I asked Marcus to apply the "page 69 test" to his book. Here is what he reported:
Page 67, 68, 69….shit.Many thanks to Marcus for the feedback.
Page 69 is the beginning of a chapter. With formatting, less than half a page. So what already seems a tricky test—hoping that a single page part way in will be not only interesting, but also somehow symbolic of the capital-N Novel as a whole—this feat now has 50% of the space to work in.
Let’s try page 96 instead.
Would you believe it? Also the start of a chapter.
Two lessons to be drawn here: first, obviously the universe wants me to work with half a page, and second, I should write longer chapters.
Still, far be it from me to argue with the universe. Here’s page 69 of my debut novel The Blade Itself, coming this January:
CHAPTER 13: Better to Roar
The edge of the switchblade glowed with a liquid shimmer, but he’d broken out the whetstone anyway. Patrick held the knife at thirty degrees and stroked in a practiced motion. Once, twice, three times. With each rasping stroke, he remembered last night, and felt a surge of heat and bile.
“He pulled a piece on you?”
“Just let me see it, like it was an accident. Then asked when Karen would be home.”
Poor Danny had been trying to play it cool, but it hadn’t been hard to spot the fury beneath his words. And something else, too. A weird kind of helplessness it killed Patrick to see. He knew what it was; Danny was a civilian now.
And civilians were prey.
He’d raised a burr on one side of the knife, so he flipped it over and began work on the other.
I could explain what’s going on here, that Patrick is the beautiful loser of a best friend to my protagonist, a retired thief named Danny Carter. I could explain that the “he” who pulled a gun is another friend from the old neighborhood, a guy they once trusted with their lives, but who came out the far end of a seven-year maximum security sentence warped and hard, making demands that Danny doesn’t want to pay.
But instead I’d like to say I’m now a believer. Granted, a test group of one is not exactly scientific, but still, if you have a liberal interpretation—and when it comes to judging my own work, I’m as liberal as they come—this page does play into the themes. The Blade Itself is a thriller, yes, but it’s also a class novel about the cost of mistakes and the way the past haunts the future. And I feel like a hint of that nudges out of the end of the passage.
But if you aren’t impressed, let me say that this chapter also includes a humorous anecdote about a stripper, a reference to Marlon Brando, a heartfelt speech, and the line, “No point being bad if you didn’t look good.”
So hopefully page 69 would at least make you want to turn to page 70.
I wasn't kidding about the early word on The Blade Itself: it's got glowing blurbs from the likes of George Pelecanos, Ken Bruen, Lee Child, Sarah Weinman, and others. And excellent advance reviews:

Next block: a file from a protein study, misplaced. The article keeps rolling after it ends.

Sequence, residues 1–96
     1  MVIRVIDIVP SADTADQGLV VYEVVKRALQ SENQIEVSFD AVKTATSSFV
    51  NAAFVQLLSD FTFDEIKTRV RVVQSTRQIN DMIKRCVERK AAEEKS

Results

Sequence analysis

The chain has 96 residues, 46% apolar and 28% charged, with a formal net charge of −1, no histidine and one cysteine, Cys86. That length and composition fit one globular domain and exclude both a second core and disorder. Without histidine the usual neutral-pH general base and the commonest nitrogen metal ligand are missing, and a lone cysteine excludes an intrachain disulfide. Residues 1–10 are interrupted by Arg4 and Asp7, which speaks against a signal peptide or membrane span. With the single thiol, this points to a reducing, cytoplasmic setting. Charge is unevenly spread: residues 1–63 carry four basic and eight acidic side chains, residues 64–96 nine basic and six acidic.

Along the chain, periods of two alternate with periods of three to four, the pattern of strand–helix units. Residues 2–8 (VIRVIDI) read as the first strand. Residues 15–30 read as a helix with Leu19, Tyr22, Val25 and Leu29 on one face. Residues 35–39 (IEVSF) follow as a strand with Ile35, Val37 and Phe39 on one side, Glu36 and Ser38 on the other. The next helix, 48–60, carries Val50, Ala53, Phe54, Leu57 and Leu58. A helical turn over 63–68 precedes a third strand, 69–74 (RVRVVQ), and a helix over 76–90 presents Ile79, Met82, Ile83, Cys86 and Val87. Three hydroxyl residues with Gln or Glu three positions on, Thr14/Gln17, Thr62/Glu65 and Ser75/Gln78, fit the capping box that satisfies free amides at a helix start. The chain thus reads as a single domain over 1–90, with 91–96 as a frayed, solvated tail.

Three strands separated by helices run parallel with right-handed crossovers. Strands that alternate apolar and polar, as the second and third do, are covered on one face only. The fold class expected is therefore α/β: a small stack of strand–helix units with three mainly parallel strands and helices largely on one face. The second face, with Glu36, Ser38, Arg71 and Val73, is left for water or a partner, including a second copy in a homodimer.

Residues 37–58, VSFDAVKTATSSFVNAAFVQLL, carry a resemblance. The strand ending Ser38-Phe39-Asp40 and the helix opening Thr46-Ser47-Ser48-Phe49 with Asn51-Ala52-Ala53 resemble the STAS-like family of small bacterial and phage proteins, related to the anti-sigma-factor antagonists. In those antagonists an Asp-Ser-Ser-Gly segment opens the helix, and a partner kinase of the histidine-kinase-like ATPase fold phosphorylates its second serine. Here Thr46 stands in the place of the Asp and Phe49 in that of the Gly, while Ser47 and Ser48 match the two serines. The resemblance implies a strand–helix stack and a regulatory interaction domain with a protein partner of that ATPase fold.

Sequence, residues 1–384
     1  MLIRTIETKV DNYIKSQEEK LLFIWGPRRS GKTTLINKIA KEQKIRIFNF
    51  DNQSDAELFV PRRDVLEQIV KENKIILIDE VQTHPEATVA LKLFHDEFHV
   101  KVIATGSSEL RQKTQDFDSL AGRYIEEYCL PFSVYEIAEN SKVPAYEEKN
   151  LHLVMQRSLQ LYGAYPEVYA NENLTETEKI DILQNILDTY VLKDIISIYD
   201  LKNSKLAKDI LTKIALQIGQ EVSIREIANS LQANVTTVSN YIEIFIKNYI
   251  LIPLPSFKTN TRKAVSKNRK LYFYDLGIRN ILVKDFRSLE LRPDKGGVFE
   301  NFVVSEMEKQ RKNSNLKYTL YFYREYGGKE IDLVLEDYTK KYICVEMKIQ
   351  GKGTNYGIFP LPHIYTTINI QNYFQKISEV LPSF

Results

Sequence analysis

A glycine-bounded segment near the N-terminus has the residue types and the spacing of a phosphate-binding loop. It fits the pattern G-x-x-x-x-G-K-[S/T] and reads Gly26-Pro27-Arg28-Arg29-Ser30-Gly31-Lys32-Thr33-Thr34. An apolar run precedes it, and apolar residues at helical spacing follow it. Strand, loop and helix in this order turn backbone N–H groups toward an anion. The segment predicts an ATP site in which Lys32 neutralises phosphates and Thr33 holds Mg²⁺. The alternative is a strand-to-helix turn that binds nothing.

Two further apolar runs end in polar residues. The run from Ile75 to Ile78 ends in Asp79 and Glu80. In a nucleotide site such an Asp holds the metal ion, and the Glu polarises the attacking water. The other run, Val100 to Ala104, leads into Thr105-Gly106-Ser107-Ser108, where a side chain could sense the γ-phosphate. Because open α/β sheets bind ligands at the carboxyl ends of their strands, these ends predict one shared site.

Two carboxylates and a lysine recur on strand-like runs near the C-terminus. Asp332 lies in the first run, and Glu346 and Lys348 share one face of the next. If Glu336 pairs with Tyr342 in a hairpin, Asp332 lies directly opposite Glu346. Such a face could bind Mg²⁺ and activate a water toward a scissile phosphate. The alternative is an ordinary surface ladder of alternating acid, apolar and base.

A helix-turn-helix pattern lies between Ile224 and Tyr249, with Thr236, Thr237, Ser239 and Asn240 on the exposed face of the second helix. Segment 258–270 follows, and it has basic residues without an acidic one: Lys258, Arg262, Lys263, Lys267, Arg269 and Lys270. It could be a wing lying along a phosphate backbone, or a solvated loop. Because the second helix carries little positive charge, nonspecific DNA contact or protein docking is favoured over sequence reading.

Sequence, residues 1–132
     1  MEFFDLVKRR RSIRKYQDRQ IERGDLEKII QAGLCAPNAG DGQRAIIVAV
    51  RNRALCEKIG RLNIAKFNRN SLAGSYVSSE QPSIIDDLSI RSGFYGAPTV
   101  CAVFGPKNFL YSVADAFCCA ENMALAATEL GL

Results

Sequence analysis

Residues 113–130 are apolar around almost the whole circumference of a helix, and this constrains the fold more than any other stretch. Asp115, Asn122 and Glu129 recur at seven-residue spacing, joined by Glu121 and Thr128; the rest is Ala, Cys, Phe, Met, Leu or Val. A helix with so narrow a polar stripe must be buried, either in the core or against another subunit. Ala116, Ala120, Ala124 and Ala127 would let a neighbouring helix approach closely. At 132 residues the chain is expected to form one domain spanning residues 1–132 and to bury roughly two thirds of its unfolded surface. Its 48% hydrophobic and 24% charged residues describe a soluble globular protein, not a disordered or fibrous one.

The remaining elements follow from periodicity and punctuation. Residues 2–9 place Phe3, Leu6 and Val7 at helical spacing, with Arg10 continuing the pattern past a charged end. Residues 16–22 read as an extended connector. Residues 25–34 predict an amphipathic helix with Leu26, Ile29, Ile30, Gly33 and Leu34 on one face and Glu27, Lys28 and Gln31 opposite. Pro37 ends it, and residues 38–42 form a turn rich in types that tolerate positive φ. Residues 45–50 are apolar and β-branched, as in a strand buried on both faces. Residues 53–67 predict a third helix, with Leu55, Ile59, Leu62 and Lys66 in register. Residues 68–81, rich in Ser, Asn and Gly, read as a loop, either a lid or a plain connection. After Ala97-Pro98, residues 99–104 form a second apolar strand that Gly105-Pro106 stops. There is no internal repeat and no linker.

"Sakey's brilliant debut, a crime novel set in Chicago, is a must read. From the thrilling opening...to the riveting ending, the tension ratchets up to almost unbearable levels."Here's a link to an excerpt from The Blade Itself.
--Publishers Weekly Starred Review
"What a thrilling ride debut author Sakey has concocted."
--Library Journal Starred Review
"Gritty and full of tension...sure to launch Sakey to the top of the new crime writers list."
Marcus is a founding member of The Outfit Collective, a group blog of Chicago crime novelists including Libby Hellmann, Michael Allen Dymmoch, Sean Chercover, and Kevin Guilfoile. He also runs with Killer Year, an elite society of debut mystery and thriller writers with books coming out in 2007.
Previously here on the blog: I quizzed Marcus about why his bookshelf has so many more male authors than females. Click here to read his reply.
Previous "page 69 tests":
Randy Boyagoda, Governor of the Northern Province
John Gittings, The Changing Face of China
Rachel Kadish, Tolstoy Lied
Eric Rauchway, Blessed Among Nations
Tim Brookes, Guitar and other books
Ruth Padel, Tigers in Red Weather
William Haywood Henderson, Augusta Locke
Jed Horne, Breach of Faith
Robert Greer, The Fourth Perspective
David Plotz, The Genius Factory
Michael Allen Dymmoch, White Tiger
Patrick Thaddeus Jackson, Civilizing the Enemy
Tom Lutz, Doing Nothing
Libby Fischer Hellmann, A Shot To Die For
Nelson Algren, The Man With the Golden Arm
Bob Harris, Prisoner of Trebekistan
Elaine Flinn, Deadly Collection
Louise Welsh, The Bullet Trick
Gregg Hurwitz, Last Shot
Martha Powers, Death Angel
N.M. Kelby, Whale Season
Mario Acevedo, The Nymphos of Rocky Flats
Dominic Smith, The Mercury Visions of Louis Daguerre
Simon Blackburn, Lust
Linda L. Richards, Calculated Loss
Kevin Guilfoile, Cast of Shadows
Ronlyn Domingue, The Mercy of Thin Air
Shari Caudron, Who Are You People?
Marisha Pessl, Special Topics in Calamity Physics
John Sutherland, How to Read a Novel
Steven Miles, Oath Betrayed
Alan Brown, Audrey Hepburn's Neck
Richard Dawkins, The Ancestor's Tale